For more than a year now, state officials have scared the dickens out of motorists by saying the gas tax would have to go up $1.20 a gallon to build all the roads needed statewide over the next quarter-century.
That would almost triple the 38.4 cents drivers now pay in federal and state fuel taxes. Since that's politically impossible to do, the argument goes, toll roads should be built wherever and whenever feasible.
But now a Texas Transportation Institute study says gas taxes wouldn't have to go up nearly as much.
Just indexing the gas tax to rising construction costs would be enough, the 139-page report says. The extra money could finance bonds through 2030 and pay them all off within five years after that.
Or, to avoid borrowing with bonds, the tax could be increased 12 cents in 2008 and indexed to construction inflation through 2030.
Even if the tax weren't indexed, a flat increase of only 39 cents a gallon would do the same - a far cry from the $1.20 that Texas Department of Transportation officials have maintained would be needed.
Now then. Having the state tax "go up $1.20 a gallon" means the total tax would be $1.58.6 per gallon, which is not "almost triple" the current tax, it's more than triple; in fact, it's more than quadruple. Perhaps the writer meant "go up to $1.20 a gallon", or $1.38.6 overall, as was first bandied about last year. That's still more than triple the current tax level. Either way, reporter Patrick Driscoll should ask Santa for a calculator for Christmas.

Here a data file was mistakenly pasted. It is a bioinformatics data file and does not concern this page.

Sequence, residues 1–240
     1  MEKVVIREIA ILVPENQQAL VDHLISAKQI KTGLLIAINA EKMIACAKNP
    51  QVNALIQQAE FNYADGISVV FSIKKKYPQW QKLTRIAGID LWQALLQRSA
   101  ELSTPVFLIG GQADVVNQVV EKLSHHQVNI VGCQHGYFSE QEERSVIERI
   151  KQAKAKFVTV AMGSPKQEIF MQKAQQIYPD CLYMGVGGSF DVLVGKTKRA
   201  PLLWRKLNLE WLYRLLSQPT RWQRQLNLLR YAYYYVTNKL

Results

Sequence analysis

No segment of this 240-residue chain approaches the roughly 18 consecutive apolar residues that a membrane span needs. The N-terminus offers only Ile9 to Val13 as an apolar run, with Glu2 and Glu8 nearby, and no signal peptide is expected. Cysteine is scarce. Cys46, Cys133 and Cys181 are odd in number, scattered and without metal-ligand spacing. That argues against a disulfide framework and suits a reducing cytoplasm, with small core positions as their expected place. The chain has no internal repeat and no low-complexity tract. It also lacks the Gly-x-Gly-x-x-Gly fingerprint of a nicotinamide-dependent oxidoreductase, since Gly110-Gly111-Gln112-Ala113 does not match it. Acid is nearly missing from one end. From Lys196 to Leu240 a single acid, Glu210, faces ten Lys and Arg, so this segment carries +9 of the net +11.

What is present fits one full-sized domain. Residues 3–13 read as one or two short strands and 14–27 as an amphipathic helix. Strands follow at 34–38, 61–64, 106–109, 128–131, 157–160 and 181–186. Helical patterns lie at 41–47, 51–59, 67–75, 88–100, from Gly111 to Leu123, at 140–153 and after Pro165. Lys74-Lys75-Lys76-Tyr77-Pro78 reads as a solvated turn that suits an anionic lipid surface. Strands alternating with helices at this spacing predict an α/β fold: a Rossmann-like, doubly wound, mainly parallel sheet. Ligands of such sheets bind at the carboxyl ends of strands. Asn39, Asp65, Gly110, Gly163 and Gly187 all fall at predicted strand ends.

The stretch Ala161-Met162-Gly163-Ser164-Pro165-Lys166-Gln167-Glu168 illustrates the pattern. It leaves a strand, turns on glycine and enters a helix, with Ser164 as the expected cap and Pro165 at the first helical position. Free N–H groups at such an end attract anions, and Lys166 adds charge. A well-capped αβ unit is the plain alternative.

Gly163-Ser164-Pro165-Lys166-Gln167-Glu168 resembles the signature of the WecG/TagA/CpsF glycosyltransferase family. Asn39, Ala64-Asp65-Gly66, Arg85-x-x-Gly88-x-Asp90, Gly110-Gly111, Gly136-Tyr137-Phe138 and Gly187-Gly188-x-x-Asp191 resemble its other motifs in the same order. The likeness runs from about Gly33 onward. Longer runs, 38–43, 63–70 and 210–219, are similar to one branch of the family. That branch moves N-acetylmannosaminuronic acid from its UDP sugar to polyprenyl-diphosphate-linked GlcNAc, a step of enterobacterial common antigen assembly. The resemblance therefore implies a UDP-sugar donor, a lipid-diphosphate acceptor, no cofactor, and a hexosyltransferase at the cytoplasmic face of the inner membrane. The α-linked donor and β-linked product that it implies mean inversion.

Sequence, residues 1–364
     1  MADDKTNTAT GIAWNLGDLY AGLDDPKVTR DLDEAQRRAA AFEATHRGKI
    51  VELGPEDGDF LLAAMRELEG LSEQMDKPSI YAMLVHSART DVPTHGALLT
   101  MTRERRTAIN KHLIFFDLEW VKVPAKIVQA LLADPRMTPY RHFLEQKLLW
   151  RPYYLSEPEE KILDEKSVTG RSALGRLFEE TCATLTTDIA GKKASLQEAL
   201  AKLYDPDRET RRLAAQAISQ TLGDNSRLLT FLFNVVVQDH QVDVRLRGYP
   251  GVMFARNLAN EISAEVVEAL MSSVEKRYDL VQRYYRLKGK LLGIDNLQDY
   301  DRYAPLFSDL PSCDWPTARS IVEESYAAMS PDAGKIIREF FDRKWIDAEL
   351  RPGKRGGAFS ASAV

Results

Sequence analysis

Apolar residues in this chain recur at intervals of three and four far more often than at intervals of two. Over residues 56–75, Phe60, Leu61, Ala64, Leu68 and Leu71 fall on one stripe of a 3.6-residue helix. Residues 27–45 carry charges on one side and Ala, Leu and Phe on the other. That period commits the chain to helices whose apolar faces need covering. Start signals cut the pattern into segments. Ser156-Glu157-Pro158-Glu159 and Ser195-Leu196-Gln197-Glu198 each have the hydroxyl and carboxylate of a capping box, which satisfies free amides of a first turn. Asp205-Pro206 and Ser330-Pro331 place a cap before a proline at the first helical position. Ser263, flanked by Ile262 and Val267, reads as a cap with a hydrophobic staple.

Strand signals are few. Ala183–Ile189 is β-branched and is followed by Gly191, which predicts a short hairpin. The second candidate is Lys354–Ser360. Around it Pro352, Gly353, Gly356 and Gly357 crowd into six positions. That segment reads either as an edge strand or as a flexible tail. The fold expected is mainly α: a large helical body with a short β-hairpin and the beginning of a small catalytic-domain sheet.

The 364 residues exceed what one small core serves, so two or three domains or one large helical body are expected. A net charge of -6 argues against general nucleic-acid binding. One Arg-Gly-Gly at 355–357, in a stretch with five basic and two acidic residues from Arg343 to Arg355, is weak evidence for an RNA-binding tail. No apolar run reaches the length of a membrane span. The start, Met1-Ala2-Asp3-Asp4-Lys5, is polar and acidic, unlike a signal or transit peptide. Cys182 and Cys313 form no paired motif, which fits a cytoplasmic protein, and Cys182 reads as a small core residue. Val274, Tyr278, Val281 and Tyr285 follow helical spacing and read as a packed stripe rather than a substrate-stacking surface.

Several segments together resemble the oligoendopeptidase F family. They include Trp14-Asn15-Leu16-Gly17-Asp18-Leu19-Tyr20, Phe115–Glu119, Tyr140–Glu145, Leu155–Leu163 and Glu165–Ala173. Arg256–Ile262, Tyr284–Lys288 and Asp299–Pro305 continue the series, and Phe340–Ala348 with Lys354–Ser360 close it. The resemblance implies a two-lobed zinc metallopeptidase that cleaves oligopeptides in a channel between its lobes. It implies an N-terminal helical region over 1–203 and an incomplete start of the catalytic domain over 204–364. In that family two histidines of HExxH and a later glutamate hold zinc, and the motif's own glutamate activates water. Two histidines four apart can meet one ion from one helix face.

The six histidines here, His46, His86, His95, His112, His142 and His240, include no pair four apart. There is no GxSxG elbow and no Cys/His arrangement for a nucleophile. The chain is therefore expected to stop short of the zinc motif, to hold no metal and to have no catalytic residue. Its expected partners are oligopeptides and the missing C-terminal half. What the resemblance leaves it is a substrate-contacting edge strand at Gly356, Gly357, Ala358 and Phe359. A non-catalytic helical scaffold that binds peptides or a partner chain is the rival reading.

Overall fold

I've been banging the drum about toll road math for a long time now, so I'm glad to see the idea has finally taken hold. I suppose with assumptions like these that TxDOT was making, someone official was going to call them on it sooner or later:
The report, done for the Governor's Business Council, differs from TxDOT's assumptions in three key areas, said Michael Stevens, a Houston developer who's a member of both the Business Council and the transportation study commission.
TxDOT failed to account for how much tax revenues would go up over the 25 years from increased driving, he said, and overestimated unfunded needs for state roads by $8 billion.
And, when calculating the funding gap, TxDOT added an estimated $22 billion for local streets in the eight largest cities, though the state has no responsibility for such roads.
The study concluded that a bloated $86 billion in unfunded needs espoused by TxDOT is actually just $56 billion.
"These numbers are pretty tight," Stevens said. "We study it like we study our businesses. Before we published it, because we knew it was so different, we did a large amount of due diligence on it."
Now it's true, as noted later in the article, that indexing could very well raise the gas tax by a lot in the next 20 years, and that it would hit poor people harder. Both of these things can be dealt with, especially if we stick with the true numbers and not science fiction.
Indexing the gas tax likely would mean fewer roads would need to be tolled, said Rep. Mike Krusee, R-Round Rock, who chairs the House Transportation Committee and co-chairs the legislative study commission.
But a bill he filed last year to index the tax to consumer inflation was killed. He said he'll try again when the Legislature meets in January, and may consider tying the tax to faster-rising construction costs.